M45: A blue cloud and stars; sometimes the simple can be amazing. Perhaps the most interesting feature is the halo effect that dominates the brightest stars in the nebula. Without, the image would be little more than a puff of color.
Star fields and nebula have been the subject of other articles, so I’ll address the halos, which is the main feature of this image. I’m sure there are numerous ways to create facsimiles, and I have tried several. In this instance I opened a separate canvas and filled it with black. I usually make it several times larger than what I need, because downsizing is preferable to upsizing non-vector elements.
First I used my paintbrush set at about 95% hardness and about 1000 pixels and made a white dot. I then used my eraser at about 95% harness and about 950 pixels and erased the center. I then filled the center with blue at about 50% opacity and erased a 400 pixel inner circle and created a second white halo.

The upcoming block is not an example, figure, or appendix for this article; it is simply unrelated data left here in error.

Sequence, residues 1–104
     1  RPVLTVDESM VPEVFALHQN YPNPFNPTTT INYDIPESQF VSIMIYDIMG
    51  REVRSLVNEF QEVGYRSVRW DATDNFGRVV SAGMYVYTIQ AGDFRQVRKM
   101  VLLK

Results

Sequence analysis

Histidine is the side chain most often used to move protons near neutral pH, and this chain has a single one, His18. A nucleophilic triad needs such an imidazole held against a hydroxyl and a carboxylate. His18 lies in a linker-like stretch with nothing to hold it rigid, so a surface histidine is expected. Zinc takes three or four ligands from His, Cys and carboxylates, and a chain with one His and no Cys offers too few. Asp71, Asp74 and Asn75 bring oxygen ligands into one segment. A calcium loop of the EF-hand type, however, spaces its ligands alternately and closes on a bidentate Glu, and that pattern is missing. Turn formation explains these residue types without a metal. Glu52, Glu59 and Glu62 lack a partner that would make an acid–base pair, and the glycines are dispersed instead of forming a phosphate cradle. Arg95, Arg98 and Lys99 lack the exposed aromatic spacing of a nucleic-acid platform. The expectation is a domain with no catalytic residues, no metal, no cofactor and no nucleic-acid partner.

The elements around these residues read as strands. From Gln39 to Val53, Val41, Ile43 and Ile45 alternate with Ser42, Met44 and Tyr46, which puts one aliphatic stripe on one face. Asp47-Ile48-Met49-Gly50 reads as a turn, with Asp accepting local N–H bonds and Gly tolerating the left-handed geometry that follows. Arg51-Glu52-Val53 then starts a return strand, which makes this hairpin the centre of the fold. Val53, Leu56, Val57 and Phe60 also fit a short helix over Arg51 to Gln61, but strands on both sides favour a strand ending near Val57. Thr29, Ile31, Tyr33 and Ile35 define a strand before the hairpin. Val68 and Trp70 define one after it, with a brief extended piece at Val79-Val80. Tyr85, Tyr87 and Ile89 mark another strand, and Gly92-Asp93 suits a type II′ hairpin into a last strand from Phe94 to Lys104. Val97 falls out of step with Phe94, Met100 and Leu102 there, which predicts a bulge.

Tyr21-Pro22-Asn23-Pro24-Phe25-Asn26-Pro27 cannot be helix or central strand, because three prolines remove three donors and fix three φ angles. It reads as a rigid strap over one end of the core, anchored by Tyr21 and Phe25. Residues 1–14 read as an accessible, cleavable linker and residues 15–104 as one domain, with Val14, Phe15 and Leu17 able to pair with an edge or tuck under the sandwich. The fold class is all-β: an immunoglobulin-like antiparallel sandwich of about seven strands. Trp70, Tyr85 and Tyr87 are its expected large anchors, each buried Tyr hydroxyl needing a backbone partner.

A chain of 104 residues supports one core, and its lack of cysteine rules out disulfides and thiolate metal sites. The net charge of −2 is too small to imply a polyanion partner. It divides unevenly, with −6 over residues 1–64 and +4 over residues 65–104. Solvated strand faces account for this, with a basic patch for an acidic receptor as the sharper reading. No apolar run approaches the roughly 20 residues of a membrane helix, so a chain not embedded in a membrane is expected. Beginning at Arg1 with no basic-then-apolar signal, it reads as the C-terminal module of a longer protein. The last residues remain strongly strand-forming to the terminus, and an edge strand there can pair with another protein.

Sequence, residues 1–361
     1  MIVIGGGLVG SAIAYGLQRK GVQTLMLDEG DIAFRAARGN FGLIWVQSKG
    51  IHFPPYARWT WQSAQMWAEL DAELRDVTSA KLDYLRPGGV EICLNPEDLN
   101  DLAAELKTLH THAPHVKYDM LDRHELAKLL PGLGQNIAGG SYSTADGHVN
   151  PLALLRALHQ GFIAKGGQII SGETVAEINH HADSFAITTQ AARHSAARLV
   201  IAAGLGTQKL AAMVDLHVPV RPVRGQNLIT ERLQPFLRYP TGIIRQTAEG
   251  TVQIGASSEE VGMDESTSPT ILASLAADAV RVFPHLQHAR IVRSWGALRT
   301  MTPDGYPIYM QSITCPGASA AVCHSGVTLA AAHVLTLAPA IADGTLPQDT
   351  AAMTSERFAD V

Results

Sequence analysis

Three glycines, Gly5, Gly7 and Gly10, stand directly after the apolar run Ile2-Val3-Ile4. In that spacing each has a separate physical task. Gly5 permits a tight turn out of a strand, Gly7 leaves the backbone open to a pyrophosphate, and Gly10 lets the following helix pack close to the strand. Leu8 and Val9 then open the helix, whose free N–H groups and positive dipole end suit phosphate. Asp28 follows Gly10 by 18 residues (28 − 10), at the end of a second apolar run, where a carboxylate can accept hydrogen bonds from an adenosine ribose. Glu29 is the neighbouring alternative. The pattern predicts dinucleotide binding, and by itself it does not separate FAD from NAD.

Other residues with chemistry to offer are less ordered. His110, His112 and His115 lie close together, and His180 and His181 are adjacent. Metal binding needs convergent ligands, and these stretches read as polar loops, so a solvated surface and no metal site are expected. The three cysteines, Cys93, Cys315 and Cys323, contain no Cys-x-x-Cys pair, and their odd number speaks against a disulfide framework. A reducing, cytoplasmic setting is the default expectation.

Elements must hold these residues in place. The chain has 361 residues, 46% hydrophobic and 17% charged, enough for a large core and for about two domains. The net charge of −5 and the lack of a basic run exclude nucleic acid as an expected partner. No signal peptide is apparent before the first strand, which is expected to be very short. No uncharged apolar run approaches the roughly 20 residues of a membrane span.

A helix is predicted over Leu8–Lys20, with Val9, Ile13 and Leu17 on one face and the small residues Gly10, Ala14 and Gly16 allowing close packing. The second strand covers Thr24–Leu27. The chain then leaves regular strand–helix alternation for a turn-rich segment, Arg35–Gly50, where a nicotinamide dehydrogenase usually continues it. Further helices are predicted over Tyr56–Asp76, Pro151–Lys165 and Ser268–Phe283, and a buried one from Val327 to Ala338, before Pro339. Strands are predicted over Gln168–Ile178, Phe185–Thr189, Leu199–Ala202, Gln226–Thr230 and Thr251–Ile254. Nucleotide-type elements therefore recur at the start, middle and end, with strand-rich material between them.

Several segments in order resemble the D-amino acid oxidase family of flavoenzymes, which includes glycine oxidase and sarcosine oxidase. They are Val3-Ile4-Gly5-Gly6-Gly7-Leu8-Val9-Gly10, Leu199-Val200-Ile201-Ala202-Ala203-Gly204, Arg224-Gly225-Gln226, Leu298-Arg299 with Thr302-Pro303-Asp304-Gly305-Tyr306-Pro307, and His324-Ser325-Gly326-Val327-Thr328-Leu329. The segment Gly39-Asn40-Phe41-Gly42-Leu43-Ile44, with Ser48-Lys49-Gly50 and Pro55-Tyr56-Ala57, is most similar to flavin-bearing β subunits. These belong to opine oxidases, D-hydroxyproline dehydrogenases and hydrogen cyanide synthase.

Next create a new layer and add a bright white dot to the center of the halo. Use the smudge tool to make the rays. I used a 5 pixel hard brush set at about 97%. Click in the center and then go straight up an equal distance outside the halo and hold down the shift key and click. Repeat the process at 90 degrees until you have 4 long rays. Now add short rays of various lengths inside the inner halo.
To maintain control of opacity, you will want to save this as 2 layers as a PSD file. This will allow you to adjust the opacity of the halo and leave the star bright. You could also overlay a star, but that would be an extra step.
My reproduction is not an exact copy as the Hubble image at the top of the page. Please see my notes on creating a pattern from my article on the Crab Nebula. With M45, I simply eyeballed the Hubble image to choose the placement of the various elements.